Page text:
Japan Airlines has said it temporarily grounded one of its Boeing 787s after observing gas or smoke coming from a battery cell. Last year, all "Dreamliners" were grounded for several months owing to battery problems.
The Boeing 787 was held at Tokyo's Narita International Airport on Tuesday after white smoke or gas was seen outside the plane. The Japan Airlines Dreamliner was empty at the time, its scheduled passengers flew to Bangkok aboard a different 787.
Boeing Co. said it was "aware of the 787 issue that occurred Tuesday afternoon at Narita, which appears to have involved the venting of a single battery cell."
The incident came almost exactly one year after the decision by global regulators to ground the entire fleet of 787s on January 16, 2013. This move had followed a small fire on the tarmac at Boston's Logan International Airport and another battery fault on board an All Nippon Airways 787 that forced pilots into an emergency landing. The fleet remained grounded for three months as Boeing redesigned the battery, charger and containment system - investigators never established the cause of the problems.
Safety measures 'worked'
"The issue occurred during scheduled maintenance activities with no passengers on board," Boeing said of Tuesday's incident in Tokyo. "The improvements made to the 787 battery system last year appear to have worked as designed."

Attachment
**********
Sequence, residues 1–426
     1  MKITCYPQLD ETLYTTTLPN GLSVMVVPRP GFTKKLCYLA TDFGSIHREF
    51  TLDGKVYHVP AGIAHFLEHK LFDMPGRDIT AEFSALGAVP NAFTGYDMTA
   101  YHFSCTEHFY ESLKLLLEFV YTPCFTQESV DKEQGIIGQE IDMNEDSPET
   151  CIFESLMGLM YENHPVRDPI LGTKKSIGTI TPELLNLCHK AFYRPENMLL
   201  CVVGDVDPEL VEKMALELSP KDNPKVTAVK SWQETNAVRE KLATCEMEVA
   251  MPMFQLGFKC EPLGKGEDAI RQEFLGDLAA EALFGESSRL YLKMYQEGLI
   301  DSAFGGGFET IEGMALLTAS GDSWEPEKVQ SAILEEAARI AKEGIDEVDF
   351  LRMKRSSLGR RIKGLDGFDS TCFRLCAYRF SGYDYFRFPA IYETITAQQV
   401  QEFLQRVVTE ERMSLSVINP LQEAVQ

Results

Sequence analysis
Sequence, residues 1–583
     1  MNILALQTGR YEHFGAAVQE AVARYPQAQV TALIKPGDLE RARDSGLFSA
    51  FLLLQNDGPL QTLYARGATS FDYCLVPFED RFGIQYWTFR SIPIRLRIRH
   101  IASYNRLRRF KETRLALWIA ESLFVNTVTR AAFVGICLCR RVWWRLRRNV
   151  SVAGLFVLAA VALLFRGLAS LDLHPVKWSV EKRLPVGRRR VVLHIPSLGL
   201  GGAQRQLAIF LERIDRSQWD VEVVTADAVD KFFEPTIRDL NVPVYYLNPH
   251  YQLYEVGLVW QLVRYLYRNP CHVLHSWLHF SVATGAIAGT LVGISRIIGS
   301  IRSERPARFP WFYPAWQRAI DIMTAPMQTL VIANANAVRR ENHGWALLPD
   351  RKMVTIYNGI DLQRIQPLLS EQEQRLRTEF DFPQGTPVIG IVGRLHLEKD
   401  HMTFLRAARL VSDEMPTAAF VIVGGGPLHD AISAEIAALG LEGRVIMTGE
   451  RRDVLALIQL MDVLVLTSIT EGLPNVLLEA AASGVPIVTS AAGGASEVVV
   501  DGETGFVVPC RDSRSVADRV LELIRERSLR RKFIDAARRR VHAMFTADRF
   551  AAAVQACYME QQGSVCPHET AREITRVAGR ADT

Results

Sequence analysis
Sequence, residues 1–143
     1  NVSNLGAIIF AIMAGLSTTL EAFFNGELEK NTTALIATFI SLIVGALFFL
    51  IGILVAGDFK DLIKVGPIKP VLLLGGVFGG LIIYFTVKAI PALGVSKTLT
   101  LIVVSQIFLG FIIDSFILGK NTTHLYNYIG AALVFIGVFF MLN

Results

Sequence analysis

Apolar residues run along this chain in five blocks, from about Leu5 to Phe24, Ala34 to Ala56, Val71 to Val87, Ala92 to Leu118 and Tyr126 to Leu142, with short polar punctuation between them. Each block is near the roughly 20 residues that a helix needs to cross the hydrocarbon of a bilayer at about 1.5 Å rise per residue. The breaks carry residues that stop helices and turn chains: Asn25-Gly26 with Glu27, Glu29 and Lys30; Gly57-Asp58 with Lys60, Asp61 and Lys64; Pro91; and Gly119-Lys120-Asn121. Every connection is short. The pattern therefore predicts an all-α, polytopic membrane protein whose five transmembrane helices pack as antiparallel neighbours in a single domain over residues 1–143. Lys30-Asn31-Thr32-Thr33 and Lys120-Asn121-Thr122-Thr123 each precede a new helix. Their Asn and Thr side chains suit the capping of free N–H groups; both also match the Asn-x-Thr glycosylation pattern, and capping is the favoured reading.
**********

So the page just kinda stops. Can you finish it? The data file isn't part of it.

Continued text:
Speaking to the Reuters news agency, former FAA adviser Hans Weber, now president of an aerospace technology consulting firm, said Japan Airlines' initial account of the incident appeared to support Boeing's stance. Weber said the preliminary evidence suggested Boeing's new measures to contain any battery leaks were working.
"It limited the problem to one faulty cell. It contained the problem and vented the fumes outside the airplane, as designed," Weber said.
Boeing's state-of-the-art passenger flagship, seating around 250, has had a troubled early life. It entered service more than three years behind schedule, before being pulled from the skies last year. In July, after the 787s were airborne again, an Ethiopian Airlines Dreamliner caught fire at London's Heathrow Airport, scorching the fuselage at the rear. Investigators never ascertained the cause of this case, but suspected faulty wiring of a lithium battery in an emergency beacon near the tail of the plane.
msh/slk (AP, Reuters)